Director : Craig Gillespie
Cast : Margot Robbie, Sebastian Stan, Bobby Cannavale, Allison Janney, Paul Walter Hauser, Julianne Nicholson, Mckenna Grace
Genre : Biography, Drama, Sports
Run Time : 1h 19m
Opens : 1 February 2018
Rating : M18 (Coarse Language and Sexual Scenes)
Every awards season, we get at least a few inspirational sports biopics about resilient athletes who overcome insurmountable odds, becoming heroes to people everywhere.
I, Tonya is not that movie.
Tonya Harding (Margot Robbie) was the first U.S. female figure skater to pull off the extremely tricky triple axel move. If you were around during the 90s, you might have a vague recollection of the rivalry between Tonya and fellow Olympic skater Nancy Kerrigan (Caitlin Carver). This culminated in Harding’s ex-husband Jeff Gillooly (Sebastian Stan) and Jeff’s friend Shawn Eckhardt (Paul Walter Hauser) planning an attack against Nancy. After a hired hand breaks Nancy’s knee with a retractable baton, it isn’t long before suspicion falls on Tonya and Jeff.
The film follows the lead-up to and aftermath of this incident. Tonya’s mother LaVona Fay Golden (Allison Janney) mercilessly pushes her daughter, and Tonya’s life revolves around abusive relationships. Facing numerous setbacks and eventually cast as a villain by the media, Tonya pursues her dream of being the #1 figure skater in the world.
I, Tonya is an acerbic subversion of your bog-standard awards bait sports biopic. It’s sometimes unpleasant, and intentionally so. Director Craig Gillespie, who previously helmed the more traditional sports movie Million Dollar Arm, takes a black comedy approach to Tonya Harding’s life story. He directs from a screenplay by Steven Rogers – this is easily the Love the Coopers screenwriter’s edgiest work.
Tonally, I, Tonya is tricky. It wants the audience to laugh at the ‘white trash’ characters that populate the story, while also empathising with them. It wants to be cynical and snarky, yet sincere. There are moments when the cracks begin to show, but given the ambitiousness of this juggling of moods, I, Tonya works far better than it might have in different hands.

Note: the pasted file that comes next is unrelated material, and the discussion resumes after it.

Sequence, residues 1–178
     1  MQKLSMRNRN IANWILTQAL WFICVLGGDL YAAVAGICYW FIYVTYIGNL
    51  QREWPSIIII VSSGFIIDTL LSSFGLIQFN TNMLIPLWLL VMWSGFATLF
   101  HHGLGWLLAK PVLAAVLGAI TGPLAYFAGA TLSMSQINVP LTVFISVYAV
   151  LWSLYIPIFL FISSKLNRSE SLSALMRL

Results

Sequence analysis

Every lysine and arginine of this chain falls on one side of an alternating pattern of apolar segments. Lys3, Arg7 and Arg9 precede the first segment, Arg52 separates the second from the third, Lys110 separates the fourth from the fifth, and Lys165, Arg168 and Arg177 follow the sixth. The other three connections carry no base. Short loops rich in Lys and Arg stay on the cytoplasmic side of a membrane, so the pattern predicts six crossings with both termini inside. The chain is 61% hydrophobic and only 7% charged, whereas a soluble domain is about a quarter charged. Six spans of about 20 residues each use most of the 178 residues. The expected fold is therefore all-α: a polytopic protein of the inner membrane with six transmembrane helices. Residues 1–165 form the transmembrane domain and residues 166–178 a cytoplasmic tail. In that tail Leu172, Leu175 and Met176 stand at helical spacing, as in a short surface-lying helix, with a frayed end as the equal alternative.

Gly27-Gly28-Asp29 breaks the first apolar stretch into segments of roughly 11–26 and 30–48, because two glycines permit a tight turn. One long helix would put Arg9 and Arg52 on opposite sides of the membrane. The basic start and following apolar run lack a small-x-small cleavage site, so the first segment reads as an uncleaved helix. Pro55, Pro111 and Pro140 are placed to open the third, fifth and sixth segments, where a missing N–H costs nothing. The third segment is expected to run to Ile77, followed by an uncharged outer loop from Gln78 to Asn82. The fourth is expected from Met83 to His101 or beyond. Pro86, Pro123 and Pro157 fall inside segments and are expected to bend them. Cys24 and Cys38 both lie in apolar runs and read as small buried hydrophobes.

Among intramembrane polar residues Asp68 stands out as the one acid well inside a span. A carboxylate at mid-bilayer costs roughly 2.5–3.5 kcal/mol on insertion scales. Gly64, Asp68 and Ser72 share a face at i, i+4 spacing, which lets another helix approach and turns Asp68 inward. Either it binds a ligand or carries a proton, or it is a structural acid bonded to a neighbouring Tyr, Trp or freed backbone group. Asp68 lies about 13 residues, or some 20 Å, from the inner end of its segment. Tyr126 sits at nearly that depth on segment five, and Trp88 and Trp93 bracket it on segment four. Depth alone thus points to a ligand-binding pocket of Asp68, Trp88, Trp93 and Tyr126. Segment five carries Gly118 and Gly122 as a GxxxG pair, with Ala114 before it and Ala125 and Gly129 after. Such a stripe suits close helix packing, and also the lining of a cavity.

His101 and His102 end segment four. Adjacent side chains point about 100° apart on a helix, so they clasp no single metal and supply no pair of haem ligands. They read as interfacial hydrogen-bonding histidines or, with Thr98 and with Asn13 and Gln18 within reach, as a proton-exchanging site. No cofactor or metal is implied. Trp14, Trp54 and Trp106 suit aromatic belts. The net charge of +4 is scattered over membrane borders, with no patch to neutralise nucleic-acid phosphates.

The film is framed with interview sequences in which the characters, a gallery of unreliable narrators, speak directly to camera. Outside these interview scenes, we also get fourth wall breaks. Everything is caustic, everyone is varying degrees of broken, and yet, it’s funny. The ice skating sequences are also absolutely mesmerising and thrilling, pinpricks of gracefulness in the blackness of awful people being awful.
Robbie, who is also the co-producer through her Lucky Chap Productions label, holds this all together. She throws every ounce of herself into a performance that is impossible to look away from and which has deservedly netted her an Oscar nomination. Piercing through the public perception of Tonya, Robbie paints the portrait of someone who has been knocked about her whole life, Tonya’s unsportsmanlike behaviour and overall demeanour a result of that. Robbie is flashy, sincere, wild and showcases impressive physicality, under the tutelage of coach Sarah Kawahara. This is the ‘sink-your-teeth-into-it’ role actors live for, and Robbie makes quite the meal of it.
Even with that highly unflattering moustache, Stan is still quite loveable. The Jeff character isn’t meant to be – he’s a dope, and he’s abusive, but is he malicious? Is he even smart enough to be capable of malice? The relationship between Tonya and Jeff rivals that of Harley Quinn and the Joker in the ‘toxic and unhealthy’ stakes. The film’s depiction of domestic abuse is harrowing, but doesn’t quite fit in with the devil-may-care glibness established earlier.
Janney handily steals the show as the abrasive, cruel, yet oddly endearing LaVona. Janney undergoes a complete transformation, and while we’ve seen the cigarette-smoking stage mom archetype before, she unearths several layers to the character. LaVona’s abusiveness towards Tonya contributes to Tonya’s acceptance of Jeff’s abuse after they are married. Janney is hotly tipped to take home the Best Supporting Actress Oscar for this performance.
The film also works to dispel the myth that parents who push their children past their breaking point in the pursuit of excellence are helping their children, and that’s what their children need. LaVona thinks that Tonya performs best when she is enraged, so she engineers situations to throw her child off balance – it’s psychological abuse.
As Tonya’s long-suffering coach Diane Rawlinson, Julianne Nicholson is the sole source of purity, comfort and level-headedness in this sea of scuzziness. Her presence offers a respite from the overwhelming unpleasantness of everything else.
Paul Walter Hauser has a good deal of fun with the role of Shawn, the schlubby friend with delusions of grandeur who ‘masterminds’ a criminal plot with consequences far beyond what Jeff or Tonya could have imagined. This section of the movie plays a bit like a Coen Brothers caper, with bumbling characters who are not very good at being up to no good.
I, Tonya is challenging in that it leaves the audience laughing but uncomfortable as they’re doing so. The film is sympathetic to its title character, but also leans into the tabloid perception of her as it attempts to dig beyond that surface. Mostly, I, Tonya is a terrific showcase for Margot Robbie’s increasingly stunning talents as a leading lady.
RATING: 4 out of 5 Stars